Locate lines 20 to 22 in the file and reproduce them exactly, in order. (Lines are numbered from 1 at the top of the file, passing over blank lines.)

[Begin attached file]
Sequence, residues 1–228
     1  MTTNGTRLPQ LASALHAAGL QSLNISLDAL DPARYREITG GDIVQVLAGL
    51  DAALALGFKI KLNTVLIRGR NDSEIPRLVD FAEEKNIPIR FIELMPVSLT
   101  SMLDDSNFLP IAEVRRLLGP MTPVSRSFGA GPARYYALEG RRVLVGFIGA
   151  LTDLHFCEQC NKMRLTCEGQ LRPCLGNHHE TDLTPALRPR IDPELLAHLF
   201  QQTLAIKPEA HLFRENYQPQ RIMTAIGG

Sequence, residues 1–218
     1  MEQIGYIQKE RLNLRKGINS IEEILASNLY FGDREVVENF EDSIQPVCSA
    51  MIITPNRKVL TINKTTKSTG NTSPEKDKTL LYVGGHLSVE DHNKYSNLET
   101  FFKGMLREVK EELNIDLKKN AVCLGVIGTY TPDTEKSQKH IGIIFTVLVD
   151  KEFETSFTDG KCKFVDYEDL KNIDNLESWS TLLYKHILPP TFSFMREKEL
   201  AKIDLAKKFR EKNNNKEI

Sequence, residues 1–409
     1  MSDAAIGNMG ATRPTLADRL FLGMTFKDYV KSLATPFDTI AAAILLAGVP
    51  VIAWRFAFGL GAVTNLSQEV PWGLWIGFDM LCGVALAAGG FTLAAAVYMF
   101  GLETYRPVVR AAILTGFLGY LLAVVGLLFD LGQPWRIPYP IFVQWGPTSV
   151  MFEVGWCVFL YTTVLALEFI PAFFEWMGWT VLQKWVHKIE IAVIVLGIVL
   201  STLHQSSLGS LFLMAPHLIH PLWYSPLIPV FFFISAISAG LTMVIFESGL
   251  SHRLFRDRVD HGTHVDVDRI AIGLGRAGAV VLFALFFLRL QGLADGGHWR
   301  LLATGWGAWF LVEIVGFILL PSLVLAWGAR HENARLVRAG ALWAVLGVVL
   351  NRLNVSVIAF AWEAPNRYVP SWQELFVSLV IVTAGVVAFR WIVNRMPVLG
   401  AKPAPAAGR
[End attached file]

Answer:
   301  LLATGWGAWF LVEIVGFILL PSLVLAWGAR HENARLVRAG ALWAVLGVVL
   351  NRLNVSVIAF AWEAPNRYVP SWQELFVSLV IVTAGVVAFR WIVNRMPVLG
   401  AKPAPAAGR